But for those of you objecting to even 15-18 year olds I have a question, how are we supposed to intice the next generation into gaming if we ban them from events like this until they are drinking age???

As for the people with little children, I have a suggestion, for Sci-Fi Cons my friends with small children often "pool" kids and money to hire a local accredited nanny for 8-10 hours/day. She can usually handle 3-6 kids at a time in the room. I have with this in the past by getting an adjoing room with my friends so the "Kids" room would be large enough for two groups of play. They bring DVD players and videos and toys etc. and get a room with a fridge so they can keep lots of snacks on hand.

Plus you then have 4-6 adults to tag team the late nights and early morning hours.

This has worked wonderfully well for Sci-Fi Cons. Which are just as packed with stuff to do and also have room parties and Werewolf until the wee hours.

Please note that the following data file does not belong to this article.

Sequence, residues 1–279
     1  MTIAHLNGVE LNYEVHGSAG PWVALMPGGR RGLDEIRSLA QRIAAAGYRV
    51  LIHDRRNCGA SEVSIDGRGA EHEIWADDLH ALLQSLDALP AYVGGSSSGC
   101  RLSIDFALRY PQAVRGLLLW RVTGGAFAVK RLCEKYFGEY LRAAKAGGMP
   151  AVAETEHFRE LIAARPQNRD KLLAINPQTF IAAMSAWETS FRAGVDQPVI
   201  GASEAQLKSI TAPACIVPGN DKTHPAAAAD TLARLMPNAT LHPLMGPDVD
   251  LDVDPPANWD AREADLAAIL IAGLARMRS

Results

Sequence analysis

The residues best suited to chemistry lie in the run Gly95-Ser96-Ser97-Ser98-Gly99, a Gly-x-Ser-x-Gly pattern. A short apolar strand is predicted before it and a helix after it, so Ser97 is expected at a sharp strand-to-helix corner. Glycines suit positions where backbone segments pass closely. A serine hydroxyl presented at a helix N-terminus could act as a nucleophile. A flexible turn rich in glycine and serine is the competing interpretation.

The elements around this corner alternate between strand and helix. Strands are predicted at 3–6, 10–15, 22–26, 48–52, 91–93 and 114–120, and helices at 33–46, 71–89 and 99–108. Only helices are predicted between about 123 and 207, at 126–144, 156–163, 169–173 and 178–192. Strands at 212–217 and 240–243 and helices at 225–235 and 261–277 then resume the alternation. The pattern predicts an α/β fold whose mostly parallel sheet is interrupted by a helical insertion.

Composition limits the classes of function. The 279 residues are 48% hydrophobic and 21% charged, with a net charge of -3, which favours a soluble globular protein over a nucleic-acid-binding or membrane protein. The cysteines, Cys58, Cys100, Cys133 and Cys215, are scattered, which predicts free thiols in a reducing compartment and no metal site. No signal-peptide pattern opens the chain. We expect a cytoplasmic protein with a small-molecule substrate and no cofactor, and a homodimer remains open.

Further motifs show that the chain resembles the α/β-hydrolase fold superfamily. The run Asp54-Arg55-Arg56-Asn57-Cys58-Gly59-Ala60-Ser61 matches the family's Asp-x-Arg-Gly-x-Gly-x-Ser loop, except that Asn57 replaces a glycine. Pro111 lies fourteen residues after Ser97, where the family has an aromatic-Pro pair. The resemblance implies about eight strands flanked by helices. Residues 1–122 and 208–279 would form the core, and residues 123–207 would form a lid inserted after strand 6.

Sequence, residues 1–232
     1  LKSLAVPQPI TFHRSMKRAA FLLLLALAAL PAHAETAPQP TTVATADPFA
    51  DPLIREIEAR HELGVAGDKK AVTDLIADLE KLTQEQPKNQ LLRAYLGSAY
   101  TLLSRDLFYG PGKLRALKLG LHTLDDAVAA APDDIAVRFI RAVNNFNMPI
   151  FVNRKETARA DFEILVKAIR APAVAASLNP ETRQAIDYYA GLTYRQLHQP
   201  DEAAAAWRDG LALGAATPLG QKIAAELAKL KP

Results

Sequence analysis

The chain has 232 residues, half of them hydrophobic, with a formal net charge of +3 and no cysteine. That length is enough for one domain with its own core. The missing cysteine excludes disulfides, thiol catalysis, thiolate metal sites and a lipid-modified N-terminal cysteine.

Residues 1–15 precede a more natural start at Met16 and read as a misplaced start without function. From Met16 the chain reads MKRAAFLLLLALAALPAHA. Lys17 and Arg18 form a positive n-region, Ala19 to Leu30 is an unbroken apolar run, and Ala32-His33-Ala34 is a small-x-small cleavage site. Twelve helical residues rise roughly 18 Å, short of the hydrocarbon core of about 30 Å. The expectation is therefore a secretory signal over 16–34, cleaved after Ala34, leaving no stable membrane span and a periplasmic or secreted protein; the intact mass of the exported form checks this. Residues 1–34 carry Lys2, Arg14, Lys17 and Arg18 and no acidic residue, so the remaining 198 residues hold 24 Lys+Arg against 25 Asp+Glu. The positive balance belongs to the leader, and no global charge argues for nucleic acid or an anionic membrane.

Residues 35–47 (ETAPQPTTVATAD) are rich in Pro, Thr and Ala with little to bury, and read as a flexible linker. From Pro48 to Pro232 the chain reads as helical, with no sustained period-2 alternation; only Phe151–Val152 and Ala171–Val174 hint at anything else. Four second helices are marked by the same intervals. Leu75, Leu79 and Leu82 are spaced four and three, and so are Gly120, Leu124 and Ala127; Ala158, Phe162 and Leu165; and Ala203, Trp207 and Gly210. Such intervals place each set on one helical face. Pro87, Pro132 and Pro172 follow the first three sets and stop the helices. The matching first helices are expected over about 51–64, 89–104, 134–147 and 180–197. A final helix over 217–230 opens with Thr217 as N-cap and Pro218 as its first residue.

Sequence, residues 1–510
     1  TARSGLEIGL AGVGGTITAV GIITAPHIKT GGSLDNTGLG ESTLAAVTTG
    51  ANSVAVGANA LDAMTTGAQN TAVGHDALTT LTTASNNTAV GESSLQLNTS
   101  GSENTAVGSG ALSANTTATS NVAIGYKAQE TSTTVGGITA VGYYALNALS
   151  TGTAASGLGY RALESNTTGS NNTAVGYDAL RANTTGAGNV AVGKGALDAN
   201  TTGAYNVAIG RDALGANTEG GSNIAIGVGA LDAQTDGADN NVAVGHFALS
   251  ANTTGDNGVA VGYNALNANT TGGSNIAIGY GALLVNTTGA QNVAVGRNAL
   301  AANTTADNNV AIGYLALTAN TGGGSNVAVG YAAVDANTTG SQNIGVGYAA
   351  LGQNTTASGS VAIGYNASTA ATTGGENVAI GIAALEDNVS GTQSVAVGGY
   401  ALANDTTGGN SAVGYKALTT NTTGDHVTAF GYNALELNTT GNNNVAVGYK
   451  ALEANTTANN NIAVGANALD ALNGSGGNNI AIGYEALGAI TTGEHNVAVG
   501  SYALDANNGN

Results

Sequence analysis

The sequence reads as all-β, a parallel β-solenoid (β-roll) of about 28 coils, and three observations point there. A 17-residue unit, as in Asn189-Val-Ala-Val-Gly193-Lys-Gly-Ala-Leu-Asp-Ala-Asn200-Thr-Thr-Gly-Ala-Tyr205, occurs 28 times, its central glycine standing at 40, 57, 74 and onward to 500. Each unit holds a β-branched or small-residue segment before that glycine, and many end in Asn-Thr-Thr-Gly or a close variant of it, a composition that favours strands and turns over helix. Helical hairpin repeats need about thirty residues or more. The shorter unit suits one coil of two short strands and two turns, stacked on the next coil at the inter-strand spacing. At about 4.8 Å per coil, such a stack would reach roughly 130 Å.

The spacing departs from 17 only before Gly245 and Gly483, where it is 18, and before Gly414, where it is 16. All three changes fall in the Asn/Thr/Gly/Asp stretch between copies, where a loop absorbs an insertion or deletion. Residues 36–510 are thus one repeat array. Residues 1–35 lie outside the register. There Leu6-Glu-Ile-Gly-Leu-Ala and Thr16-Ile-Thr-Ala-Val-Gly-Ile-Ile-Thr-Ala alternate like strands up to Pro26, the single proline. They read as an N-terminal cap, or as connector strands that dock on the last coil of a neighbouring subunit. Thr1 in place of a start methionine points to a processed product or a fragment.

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Randy Cox wrote:
I think that the first two, three, or four years of my convention life I might not have been able to manage that (had to game all the time). But nowadays, with a different mindset, it's no big deal to miss 75% of what's going on. After all, 25% of a gaming con is still thousands and thousands of times more gaming than I get the rest of the year.


I laughed out loud when I read that Randy.

I think Jay's completely right, which is why it's so hard for us, the organizers to make policy.
 
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Making a policy must be really hard, and I empathize. I think you've done quite well so far.

Jay is very right, and his question is an important one for any parent to answer that's considering bringing their child to this con (and hopefully any other one). But I think that's not the complete picture either. The reality is that most of us socially polite people probably would NOT attempt to discourage a kid from playing even if we'd really rather they not, nor would we "tattle" on a kid that was being a nuisance unless it was pretty extreme. I know it's not in my nature to be That Guy(tm). But at the same time, I can't pretend that it wouldn't significantly and negatively affect my enjoyment of the con.